Human lysyl hydroxylases : characterization of a novel isoenzyme and its gene, determination of the domain structure of the lysyl hydroxylase polypeptides and generation of knock-out mice for the novel isoenzyme
1University of Oulu, Collagen Research Unit
2University of Oulu, Biocenter Oulu
3University of Oulu, Faculty of Medicine, Department of Medical Biochemistry and Molecular Biology
|Online Access:||PDF Full Text (PDF, 1 MB)|
|Persistent link:|| http://urn.fi/urn:isbn:951427136X
|Publish Date:|| 2003-10-23
|Thesis type:||Doctoral Dissertation
|Defence Note:||Academic Dissertation to be presented with the assent of the Faculty of Medicine, University of Oulu, for public discussion in the Auditorium of the Department of Medical Biochemistry and Molecular Biology, on October 23rd, 2003, at 1 p.m.
Recearch Associate Professor Sirpa Aho
Docent Tuula Kallunki
Lysyl hydroxylase (E.C. 18.104.22.168) catalyzes the formation of hydroxylysine in collagens and other proteins with collagenous domains. The resulting hydroxylysine residues participate in the formation of collagen crosslinks, and serve as attachment sites for carbohydrate units. They have been regarded as non-essential, since the absence of lysyl hydroxylase 1 activity is not lethal, although it leads to the kyphoscoliotic type of Ehlers-Danlos syndrome, and since recombinant collagens I and III lacking any hydroxylysine form native-type fibrils in vitro.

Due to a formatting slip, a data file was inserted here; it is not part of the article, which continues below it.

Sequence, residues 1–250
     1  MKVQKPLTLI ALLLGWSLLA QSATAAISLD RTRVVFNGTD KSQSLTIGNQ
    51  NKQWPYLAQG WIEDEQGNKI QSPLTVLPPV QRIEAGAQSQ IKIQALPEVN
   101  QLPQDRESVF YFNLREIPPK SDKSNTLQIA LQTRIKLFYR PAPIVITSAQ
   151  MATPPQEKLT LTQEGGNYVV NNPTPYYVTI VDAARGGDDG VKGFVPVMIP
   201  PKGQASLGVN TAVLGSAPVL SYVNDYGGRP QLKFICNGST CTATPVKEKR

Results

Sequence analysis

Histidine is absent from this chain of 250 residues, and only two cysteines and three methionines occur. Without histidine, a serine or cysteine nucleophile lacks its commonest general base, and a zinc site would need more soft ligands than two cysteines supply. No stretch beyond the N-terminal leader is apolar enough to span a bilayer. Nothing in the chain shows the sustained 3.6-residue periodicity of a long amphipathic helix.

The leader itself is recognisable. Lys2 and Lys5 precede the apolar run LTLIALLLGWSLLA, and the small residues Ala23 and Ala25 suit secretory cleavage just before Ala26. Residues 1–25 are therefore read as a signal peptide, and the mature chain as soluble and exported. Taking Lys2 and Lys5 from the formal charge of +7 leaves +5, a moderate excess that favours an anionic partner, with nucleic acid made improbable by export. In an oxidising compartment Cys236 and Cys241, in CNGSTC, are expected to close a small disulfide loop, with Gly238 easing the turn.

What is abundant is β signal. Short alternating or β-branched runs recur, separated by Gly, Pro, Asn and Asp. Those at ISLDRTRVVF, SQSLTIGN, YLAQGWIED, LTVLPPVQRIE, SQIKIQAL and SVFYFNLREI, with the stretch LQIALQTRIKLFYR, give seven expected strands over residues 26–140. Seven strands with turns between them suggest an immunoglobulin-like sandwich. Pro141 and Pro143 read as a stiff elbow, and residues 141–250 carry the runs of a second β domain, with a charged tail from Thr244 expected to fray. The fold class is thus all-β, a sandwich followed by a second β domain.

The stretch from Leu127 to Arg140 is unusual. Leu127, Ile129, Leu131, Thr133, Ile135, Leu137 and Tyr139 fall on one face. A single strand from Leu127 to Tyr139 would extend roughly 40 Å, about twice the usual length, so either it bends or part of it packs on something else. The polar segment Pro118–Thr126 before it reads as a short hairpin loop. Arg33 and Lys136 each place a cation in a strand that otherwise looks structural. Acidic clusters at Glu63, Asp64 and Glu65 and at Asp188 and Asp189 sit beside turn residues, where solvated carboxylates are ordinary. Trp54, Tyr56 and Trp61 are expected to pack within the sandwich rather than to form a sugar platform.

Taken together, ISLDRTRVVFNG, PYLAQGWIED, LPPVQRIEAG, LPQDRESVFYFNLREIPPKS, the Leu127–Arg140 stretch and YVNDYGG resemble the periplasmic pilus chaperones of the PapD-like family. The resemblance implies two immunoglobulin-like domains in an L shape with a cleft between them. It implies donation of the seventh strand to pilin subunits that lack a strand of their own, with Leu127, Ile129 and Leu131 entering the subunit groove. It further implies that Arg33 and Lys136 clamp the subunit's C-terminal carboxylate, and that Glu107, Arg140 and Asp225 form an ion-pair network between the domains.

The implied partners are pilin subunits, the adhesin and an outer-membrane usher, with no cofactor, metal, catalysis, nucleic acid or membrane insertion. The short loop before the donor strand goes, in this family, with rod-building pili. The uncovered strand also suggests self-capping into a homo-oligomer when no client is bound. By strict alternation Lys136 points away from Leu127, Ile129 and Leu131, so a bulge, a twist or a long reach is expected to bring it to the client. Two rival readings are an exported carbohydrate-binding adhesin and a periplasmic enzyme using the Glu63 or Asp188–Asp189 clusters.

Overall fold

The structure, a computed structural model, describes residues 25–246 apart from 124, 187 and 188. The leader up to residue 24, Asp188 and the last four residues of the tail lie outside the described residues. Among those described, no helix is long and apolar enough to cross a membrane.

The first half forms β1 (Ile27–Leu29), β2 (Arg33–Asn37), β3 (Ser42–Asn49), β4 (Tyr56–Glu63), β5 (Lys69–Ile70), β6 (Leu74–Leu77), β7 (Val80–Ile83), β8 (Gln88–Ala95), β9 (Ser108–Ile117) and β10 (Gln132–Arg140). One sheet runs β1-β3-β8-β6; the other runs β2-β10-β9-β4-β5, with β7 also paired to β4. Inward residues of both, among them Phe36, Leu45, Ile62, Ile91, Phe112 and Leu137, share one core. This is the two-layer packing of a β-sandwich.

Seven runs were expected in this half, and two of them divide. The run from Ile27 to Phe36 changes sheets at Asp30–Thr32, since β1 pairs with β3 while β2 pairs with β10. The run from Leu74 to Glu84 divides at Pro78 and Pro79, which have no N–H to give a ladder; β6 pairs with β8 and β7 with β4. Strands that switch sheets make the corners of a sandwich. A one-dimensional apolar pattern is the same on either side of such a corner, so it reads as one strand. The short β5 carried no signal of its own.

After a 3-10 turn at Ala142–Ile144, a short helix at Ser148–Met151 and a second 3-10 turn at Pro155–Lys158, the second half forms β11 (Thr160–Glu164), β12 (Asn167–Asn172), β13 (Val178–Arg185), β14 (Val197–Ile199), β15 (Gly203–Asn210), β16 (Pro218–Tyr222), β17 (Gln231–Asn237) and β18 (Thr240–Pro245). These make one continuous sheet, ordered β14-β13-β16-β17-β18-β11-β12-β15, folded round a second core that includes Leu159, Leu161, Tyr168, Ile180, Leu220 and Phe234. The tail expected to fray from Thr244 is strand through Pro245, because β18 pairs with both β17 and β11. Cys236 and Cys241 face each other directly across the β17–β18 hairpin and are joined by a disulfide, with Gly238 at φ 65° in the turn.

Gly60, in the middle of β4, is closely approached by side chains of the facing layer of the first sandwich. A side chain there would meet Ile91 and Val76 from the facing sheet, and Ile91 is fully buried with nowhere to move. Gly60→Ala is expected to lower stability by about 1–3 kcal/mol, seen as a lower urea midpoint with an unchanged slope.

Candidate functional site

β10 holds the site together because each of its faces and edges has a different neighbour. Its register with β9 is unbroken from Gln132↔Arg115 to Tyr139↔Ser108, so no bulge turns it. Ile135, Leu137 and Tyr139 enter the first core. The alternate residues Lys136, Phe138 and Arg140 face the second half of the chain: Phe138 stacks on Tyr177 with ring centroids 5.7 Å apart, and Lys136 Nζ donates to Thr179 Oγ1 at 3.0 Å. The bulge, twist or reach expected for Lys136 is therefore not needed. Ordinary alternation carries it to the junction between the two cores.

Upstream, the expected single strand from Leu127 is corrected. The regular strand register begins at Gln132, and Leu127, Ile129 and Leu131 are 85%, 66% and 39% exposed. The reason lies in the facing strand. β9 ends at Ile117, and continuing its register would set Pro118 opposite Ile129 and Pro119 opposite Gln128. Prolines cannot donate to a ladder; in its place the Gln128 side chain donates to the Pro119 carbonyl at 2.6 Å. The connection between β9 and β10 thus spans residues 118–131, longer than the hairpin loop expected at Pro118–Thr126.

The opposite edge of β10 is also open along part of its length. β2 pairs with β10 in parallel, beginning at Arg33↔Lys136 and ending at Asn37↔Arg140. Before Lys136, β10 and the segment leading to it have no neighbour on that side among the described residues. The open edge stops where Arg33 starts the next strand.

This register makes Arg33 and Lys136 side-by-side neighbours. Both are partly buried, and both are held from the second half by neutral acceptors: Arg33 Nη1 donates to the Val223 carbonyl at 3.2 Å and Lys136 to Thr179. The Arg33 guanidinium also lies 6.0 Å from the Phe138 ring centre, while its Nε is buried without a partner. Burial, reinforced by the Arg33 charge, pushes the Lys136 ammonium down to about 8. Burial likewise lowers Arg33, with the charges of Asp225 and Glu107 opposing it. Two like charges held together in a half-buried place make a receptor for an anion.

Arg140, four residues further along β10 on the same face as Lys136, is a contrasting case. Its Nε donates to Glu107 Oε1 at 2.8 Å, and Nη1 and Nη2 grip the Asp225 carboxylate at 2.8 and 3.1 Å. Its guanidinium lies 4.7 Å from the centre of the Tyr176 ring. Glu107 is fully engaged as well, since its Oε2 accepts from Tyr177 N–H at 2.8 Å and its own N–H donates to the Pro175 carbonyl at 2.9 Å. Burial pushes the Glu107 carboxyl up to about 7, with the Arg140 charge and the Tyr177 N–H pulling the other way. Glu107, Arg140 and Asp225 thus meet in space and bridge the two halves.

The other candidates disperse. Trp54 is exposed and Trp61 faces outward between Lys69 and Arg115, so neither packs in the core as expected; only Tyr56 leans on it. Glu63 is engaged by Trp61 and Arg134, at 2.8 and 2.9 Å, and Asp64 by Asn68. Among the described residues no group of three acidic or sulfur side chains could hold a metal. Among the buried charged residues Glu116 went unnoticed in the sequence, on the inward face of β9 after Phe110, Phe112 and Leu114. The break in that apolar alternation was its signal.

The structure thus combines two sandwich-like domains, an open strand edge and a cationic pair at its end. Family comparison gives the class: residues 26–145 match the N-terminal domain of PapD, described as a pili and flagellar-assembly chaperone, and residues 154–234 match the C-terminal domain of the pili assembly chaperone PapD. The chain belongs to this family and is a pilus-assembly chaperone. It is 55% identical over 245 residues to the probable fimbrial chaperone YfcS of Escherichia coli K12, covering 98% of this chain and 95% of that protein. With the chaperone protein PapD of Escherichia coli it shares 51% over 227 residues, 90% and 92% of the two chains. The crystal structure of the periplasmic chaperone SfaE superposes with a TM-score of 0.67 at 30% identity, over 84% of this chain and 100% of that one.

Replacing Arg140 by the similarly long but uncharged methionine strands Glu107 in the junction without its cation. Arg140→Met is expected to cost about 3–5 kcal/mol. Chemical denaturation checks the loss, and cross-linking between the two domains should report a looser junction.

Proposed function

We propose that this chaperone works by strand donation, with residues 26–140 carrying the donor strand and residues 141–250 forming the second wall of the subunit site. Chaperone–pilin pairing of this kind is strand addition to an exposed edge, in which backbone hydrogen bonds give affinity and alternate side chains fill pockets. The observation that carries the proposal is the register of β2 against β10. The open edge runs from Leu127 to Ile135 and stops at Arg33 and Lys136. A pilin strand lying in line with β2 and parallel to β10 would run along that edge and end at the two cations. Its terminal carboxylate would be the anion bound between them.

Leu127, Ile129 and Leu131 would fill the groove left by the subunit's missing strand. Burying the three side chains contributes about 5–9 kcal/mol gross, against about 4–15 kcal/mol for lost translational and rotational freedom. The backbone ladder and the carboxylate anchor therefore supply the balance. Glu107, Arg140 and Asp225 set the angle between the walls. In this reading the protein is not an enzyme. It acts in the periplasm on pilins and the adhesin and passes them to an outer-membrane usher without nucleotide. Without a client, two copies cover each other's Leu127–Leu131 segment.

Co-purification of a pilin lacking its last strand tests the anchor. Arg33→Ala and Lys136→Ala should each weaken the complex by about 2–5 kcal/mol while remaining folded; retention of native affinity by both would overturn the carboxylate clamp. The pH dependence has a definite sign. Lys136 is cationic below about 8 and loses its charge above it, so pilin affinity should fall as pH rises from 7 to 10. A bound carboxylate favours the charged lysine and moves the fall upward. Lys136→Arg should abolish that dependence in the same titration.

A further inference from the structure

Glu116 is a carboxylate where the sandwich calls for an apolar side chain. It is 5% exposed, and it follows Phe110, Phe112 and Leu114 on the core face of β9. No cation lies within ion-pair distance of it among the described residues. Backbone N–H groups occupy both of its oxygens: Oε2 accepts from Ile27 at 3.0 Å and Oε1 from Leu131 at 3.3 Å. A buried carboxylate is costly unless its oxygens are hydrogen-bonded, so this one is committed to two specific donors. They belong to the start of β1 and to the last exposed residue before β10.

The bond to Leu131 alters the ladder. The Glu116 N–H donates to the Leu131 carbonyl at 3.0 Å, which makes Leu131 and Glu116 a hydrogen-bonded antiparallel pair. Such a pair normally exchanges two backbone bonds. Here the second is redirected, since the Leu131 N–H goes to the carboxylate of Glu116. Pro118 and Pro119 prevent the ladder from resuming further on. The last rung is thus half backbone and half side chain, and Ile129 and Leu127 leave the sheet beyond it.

A novel human lysyl hydroxylase isoenzyme, lysyl hydroxylase 3, was identified, cloned and characterized here. The novel isoenzyme was expressed as a recombinant protein in insect cells, and the protein was shown to catalyze hydroxylation of lysine residues in vitro. No differences were found in the catalytic properties between the recombinant lysyl hydroxylases 3 and 1.
The human lysyl hydroxylase 3 gene was shown to be 11.6 kb in size and to contain 19 exons. The introns contain 15 full-length or partial Alu retroposons, which are known to be involved in most human gene rearrangements that occur by homologous recombination.
The three recombinant human lysyl hydroxylase isoenzymes were isolated here for the first time as homogenous proteins. Limited proteolysis data suggested that the lysyl hydroxylase polypeptides might consist of at least three distinct domains, A-C. The N-terminal domain A was found to play no role in lysyl hydroxylase activity as a recombinant B-C polypeptide was a fully active hydroxylase. This work also confirmed that lysyl hydroxylase 3 has collagen glucosyltransferase activity as well as trace amounts of collagen galactosyltransferase activity. However, the levels of these activities were so low that their biological significance remains to be determined.
In the last part of this work, lysyl hydroxylase 3 knock-out mice were produced and analyzed. The homozygous null embryos were found to die at a very early stage of development due to lack of type IV collagen in the basement membranes. The data demonstrated that hydroxylysine formed by lysyl hydroxylase 3 is essential for early mouse development and that lysyl hydroxylase 1 or 2 cannot compensate for the lack of its function.
Acta Universitatis Ouluensis. D, Medica
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